ECR meeting showcases European PACS idiosyncrasiesSmall firms share spotlight with major vendorsThe European Congress of Radiology, held last month in Vienna, provided a nurturing venue for European PACS vendors to showcase their wares.
Small firms share spotlight with major vendors
The European Congress of Radiology, held last month in Vienna, provided a nurturing venue for European PACS vendors to showcase their wares. The European PACS market contrasts dramatically with the way PACS are marketed in the U.S. While the U.S. market is almost exclusively the domain of the major film and modality vendors, the European market is considerably more fragmented. In the U.S., Siemens, GE, Agfa, and Cemax-Icon (Kodak) control more than 70% of the market share, while in Europe no single vendor or group of vendors dominates the market. Instead, each country or region has a dominant player (or players) that control market share in their respective areas.
European PACS player Tiani has a strong presence in Austria and Germany, sharing the market with Siemens, Tetenal, Image Devices, DK Systems, and others. Sectra, best known in the U.S. as a software supplier for Philips Medical Systems PACS, has an exceptionally strong position in its home base of Finland and Norway, sharing the lead in Scandinavia with Applicare and Cortree. Marconi has a dominant presence in the U.K., while Varay Laborix is strong in the French market.
An exceptionally large variety of teleradiology and PACS hardware and software components were on display at the ECR meeting. Free from the constraints imposed by the FDA, European dealers and distributors can create best of breed products that integrate software offerings of many firms from major developers like Applicare to minor vendors like Weinkom, Grafimedia, and Radin.
The major modality and film vendors presented integrated solutions that allow them to differentiate themselves from the smaller independent companies. In the U.S., GE has both a partnership and an equity position in clinical information systems vendor Cerner. But at the ECR, GE exhibited an internally developed Windows NT-based RIS that provides not only basic RIS functionality but digital dictation, voice recognition, Microsoft Office 2000 integration, and even paper scanning capability as part of its PACS. The product, called Medora 3.5, is slated to be in production in late May and available in the U.S. by years end.
Agfa showed new specialized software for both orthopedic and cardiac applications, although with a fairly high sticker price ($20,000 for each software package). Agfa also stressed its Basix entry-level, NT-based PACS configuration.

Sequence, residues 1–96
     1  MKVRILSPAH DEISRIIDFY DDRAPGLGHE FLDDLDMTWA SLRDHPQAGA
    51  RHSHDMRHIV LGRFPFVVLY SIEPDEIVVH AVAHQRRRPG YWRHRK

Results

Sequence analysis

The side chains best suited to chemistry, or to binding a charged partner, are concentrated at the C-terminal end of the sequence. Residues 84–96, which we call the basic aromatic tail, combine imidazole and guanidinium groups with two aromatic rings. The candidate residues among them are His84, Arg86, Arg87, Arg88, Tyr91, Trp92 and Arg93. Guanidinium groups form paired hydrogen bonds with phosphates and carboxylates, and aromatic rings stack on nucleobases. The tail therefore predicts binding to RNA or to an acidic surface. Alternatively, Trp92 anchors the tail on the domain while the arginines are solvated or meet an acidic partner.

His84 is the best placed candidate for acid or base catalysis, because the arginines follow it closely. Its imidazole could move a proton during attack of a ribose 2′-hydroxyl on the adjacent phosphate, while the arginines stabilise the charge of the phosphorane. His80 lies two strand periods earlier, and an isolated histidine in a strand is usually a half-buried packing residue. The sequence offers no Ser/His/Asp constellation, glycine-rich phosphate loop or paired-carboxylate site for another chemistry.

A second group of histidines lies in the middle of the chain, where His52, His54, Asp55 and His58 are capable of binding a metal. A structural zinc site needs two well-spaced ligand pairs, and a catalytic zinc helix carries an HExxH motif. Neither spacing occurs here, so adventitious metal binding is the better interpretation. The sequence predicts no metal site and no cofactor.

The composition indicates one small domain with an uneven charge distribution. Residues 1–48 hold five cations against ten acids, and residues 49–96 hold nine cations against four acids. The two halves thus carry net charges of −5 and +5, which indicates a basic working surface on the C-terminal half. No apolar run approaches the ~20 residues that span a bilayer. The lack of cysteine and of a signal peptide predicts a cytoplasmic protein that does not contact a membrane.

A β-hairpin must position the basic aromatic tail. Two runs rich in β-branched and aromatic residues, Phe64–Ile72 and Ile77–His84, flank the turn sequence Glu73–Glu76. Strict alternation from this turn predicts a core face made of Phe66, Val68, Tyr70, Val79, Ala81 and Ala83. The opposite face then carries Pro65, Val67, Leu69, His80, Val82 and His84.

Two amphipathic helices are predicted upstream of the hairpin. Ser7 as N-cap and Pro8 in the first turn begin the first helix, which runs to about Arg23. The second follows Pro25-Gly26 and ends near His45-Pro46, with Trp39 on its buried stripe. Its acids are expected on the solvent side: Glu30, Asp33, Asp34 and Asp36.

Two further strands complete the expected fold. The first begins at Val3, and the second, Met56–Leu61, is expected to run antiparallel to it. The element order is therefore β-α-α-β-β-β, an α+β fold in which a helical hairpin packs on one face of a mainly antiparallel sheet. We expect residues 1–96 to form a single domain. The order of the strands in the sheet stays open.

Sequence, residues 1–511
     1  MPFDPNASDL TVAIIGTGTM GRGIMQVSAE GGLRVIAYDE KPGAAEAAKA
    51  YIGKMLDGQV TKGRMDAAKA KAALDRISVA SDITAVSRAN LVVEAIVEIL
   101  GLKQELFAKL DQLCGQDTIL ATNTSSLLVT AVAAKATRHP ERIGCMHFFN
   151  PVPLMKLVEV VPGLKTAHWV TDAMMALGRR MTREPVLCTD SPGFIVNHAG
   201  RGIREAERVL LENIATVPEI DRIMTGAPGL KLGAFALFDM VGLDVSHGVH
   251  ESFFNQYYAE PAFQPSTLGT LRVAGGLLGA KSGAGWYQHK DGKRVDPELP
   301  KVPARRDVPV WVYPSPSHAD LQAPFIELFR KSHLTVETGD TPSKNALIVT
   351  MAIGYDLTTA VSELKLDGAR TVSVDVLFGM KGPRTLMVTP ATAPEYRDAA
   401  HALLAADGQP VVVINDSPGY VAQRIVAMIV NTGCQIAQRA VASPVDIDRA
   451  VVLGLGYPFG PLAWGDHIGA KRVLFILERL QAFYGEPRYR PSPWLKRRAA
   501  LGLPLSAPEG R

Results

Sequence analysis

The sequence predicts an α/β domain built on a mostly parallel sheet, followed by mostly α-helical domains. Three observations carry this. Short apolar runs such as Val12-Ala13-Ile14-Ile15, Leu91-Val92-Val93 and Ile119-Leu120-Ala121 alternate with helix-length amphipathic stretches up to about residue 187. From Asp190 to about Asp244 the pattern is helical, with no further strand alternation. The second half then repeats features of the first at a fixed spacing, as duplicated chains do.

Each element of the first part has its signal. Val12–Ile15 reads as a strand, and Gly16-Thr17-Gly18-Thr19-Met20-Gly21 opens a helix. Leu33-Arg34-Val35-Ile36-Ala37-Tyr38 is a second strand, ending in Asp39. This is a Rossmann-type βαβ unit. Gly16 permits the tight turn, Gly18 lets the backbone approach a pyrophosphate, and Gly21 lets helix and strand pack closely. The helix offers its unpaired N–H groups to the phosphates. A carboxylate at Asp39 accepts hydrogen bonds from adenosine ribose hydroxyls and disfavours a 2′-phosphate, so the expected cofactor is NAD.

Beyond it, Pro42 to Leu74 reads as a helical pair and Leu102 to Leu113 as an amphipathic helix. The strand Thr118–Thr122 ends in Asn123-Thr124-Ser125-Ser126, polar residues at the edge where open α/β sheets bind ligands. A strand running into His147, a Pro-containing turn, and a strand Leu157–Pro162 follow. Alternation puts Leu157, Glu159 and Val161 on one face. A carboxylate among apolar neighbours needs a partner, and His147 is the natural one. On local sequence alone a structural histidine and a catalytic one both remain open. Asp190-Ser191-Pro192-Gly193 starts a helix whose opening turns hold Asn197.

One of the biggest surprises at the ECR meeting was Fuji, which made a strong push for its Synapse PACS product, dedicating more than half its booth space to PACS.
Digital radiography (DR) seems to hold a high degree of interest for the European community. GE has an exceptionally strong installed base of digital radiography in Europe, with 15 sites up and running, and nine more slated to be installed in the coming months. This is nearly four times the total U.S.-installed DR base GE discussed at the Radiological Society of North America meeting in Chicago last November.
Trixel, the Philips/Siemens/Thompson Tube consortium, announced that commercial production of their long-awaited DR receptor will begin this month. DR vendor Swissray also had a strong presence, positioning themselves not solely as a DR vendor but as a solutions provider showing integration capability with Agfa, Cemax-Icon, Data General, Storecomm, and FileLink.
Compared to their showing at the RSNA meeting, Hologics presence was quite small. This was in contrast to Canon, which focused more than half its booth on DR and only a very small section on PACS, and showed Applicares software instead of its own PACS that is marketed in the U.S.
It was interesting to note such little discussion of the World Wide Web at the ECR, especially considering that Web use dominates virtually all discussions of U.S.-based PACS. This is no doubt due to the cost associated with using the Web in Europe. While flat rate Internet access (a single fee for unlimited use) is widespread in the U.S., this is relatively new in Europe. The European market is also still constrained by per minute calling charges associated with Web use, making Web-surfing cost-prohibitive.
Overall, Europe is about three years behind the U.S. in PACS development and is going through the same growing pains that the U.S. market did in years past. Economic arguments for PACS are becoming almost mandatory, requiring vendors to offer creative programs to overcome these barriers. Siemens Rent and Care, a program based on patient volume and usage, and per click and pay-as-you-go programs from Marconi, Philips, and GE are all now available. But PACS in Europe, while behind the U.S. in some respects, continues to move along at a steady pace, hindered only by the same economic restraints that are being felt worldwide.